Each week during the session, we're tracking important pieces of legislation as they move through the legislature.

Take a look at bill progress in both the Minnesota House and Senate, as well as weekly previews and reviews, below.


7/24/2020 — Special Session II Review

After an unsuccessful special session last month, Minnesota lawmakers went back to work hoping to accomplish something significant a second special session.

Police reform bills and a bonding bill were among the biggest topics lawmakers worked to reach deals on.

Lawmakers did come to an agreement on a police accountability bill that includes a ban on neck restraints and warrior-style training, some of the biggest changes to the state's criminal justice system in years. Many Democrats said the bill doesn't go far enough but said it’s a good first step.

Gov. Tim Walz signed that bill into law on Thursday.

Once again, a bonding bill agreement wasn't reached. Walz put the blame squarely at the feet of House Minority Leader Kurt Daudt, R-Crown, saying Senate Republicans as well as House and Senate Democrats had all compromised on an agreement but Daudt refused. Daudt blamed Democrats for not including House Republicans in negotiations.

While the second special session resulted in one significant accomplishment, partisan bickering was again an issue that prevented more legislation from being passed. It's unclear if Walz would call lawmakers back for another special session, but it's not viewed as likely.

View all previous legislative preview and review posts by clicking here.


6/19/2020 — Special Session Review

Friday marked one week since Minnesota's special session began, but little visible progress was shown over that time. The special session also ended late Friday night.

Last week, Republicans tried to end Gov. Tim Walz's emergency powers but House Democrats blocked that from happening.

Lawmakers have worked on several bills but there hasn't been much progress to show for it as of Friday night.

Democrats and Republicans have both publicly chided each other for the lack of cooperation and pointed fingers at each other for the lack of progress on several major bills. And while Gov. Walz has said he's open to compromise on many topics, he's also said there are certain bills that he's not willing to budge on.

Senate Republicans had set a plan to adjourn on Friday evening early in the week while Walz urged lawmakers to just stay until the work was done, saying that he can call them right back for another special session if there's more work to do.

All of that has led to more public showmanship from each party than actual progress. However, lawmakers did vote on some legislation.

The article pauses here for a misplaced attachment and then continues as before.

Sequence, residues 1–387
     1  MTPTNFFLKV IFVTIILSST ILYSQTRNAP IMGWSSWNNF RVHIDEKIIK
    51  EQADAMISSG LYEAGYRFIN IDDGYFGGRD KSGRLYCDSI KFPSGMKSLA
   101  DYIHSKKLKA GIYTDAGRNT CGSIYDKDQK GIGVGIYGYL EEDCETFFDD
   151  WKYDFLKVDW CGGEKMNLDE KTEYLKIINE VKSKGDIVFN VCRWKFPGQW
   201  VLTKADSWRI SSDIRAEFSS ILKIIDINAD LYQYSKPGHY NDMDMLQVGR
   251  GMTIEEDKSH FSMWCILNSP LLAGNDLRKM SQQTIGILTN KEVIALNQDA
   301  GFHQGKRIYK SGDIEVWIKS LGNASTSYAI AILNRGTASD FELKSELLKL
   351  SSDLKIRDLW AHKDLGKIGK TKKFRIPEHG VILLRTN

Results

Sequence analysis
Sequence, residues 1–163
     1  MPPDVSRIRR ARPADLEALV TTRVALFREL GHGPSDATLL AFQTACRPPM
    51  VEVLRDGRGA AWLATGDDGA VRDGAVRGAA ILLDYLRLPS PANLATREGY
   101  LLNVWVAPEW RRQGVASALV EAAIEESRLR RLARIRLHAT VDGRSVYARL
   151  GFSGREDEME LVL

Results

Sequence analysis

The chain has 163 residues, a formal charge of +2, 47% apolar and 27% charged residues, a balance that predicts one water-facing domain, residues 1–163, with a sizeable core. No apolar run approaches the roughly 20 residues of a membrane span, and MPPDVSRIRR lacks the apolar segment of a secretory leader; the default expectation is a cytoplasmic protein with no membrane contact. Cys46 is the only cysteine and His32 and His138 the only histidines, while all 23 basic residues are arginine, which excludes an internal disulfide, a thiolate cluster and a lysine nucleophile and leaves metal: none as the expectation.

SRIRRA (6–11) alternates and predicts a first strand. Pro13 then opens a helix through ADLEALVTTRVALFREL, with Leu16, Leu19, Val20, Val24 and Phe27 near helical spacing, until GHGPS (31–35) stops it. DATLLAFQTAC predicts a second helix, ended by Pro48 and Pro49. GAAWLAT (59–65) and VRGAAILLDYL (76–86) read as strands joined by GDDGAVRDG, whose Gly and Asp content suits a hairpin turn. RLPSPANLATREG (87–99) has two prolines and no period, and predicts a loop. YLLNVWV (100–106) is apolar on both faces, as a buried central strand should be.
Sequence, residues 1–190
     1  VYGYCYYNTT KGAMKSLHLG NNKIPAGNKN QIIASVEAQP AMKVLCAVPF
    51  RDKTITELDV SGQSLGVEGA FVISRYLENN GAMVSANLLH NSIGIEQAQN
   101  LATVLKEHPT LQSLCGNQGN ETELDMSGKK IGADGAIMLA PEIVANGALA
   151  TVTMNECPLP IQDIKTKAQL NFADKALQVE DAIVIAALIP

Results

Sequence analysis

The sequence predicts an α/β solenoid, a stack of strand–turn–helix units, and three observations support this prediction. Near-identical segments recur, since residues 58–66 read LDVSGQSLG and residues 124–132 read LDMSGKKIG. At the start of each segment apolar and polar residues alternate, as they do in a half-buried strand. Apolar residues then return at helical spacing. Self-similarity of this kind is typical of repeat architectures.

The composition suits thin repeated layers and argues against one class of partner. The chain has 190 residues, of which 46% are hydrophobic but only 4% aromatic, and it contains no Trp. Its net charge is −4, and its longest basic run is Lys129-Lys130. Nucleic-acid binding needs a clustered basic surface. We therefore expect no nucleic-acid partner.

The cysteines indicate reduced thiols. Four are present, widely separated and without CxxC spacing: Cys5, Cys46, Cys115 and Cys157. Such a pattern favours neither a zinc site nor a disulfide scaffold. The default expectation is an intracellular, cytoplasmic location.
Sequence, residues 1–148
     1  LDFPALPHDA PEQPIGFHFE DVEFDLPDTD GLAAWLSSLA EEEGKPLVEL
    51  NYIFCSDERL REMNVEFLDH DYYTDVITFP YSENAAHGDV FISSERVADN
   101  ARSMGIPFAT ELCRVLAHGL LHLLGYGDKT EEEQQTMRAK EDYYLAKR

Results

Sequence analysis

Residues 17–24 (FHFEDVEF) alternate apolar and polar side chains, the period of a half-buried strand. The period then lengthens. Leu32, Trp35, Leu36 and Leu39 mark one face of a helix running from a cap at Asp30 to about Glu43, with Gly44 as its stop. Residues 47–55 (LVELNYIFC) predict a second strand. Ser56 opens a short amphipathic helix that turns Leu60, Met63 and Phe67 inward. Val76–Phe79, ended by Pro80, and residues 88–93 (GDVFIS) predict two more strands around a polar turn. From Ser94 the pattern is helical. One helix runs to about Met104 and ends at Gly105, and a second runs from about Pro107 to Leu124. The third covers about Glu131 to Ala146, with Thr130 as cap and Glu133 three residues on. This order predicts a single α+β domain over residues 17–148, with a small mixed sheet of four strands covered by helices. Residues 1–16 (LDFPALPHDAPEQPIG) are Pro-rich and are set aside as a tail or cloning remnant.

The House passed a police accountability bill to ban chokeholds and prohibit warrior training, among some other things, but that and other police accountability bills made little progress in the Senate.

The House also passed a bill known as the PROMISE Act to help businesses, many run by minorities and immigrants, recover and rebuild.

It also passed:

  • Federal CARES Act funding legislation, which would distribute $841 million to Minnesota cities, counties and towns.
  • An education policy bill.
  • Legislation authorizing Minnesota Management and Budget to give grants to those impacted by COVID-19.
  • A bill to create a Board of Peace Officer Standards and Training and a Police-Community Relations Council to assess and make recommendations for improving policing.

Meanwhile, the Senate approved:

However, only a few of the above bills approved by each chamber were approved or close to being approved in both chambers.

Those included:

However, each chamber approved different versions of those three bills that weren't ironed out as of Friday night, meaning the bill can't go to Walz to become law.

Notably absent from the list of bills is a bonding bill, which Walz highlighted as extremely important to pass this session given that one wasn't passed last year and the cost to borrow for projects is extremely low now due to the pandemic.

The governor did sign three bills this week but not any of the big ones many hoped he'd be signing. He also was able to approve $60 million in funding for businesses impacted by COVID-19.

Senate Majority Leader Paul Gazelka, R-Nisswa, told reporters late Friday night that the Senate would adjourn later in the evening but another one-day special session in the future is possible if agreements are reached prior to convening.

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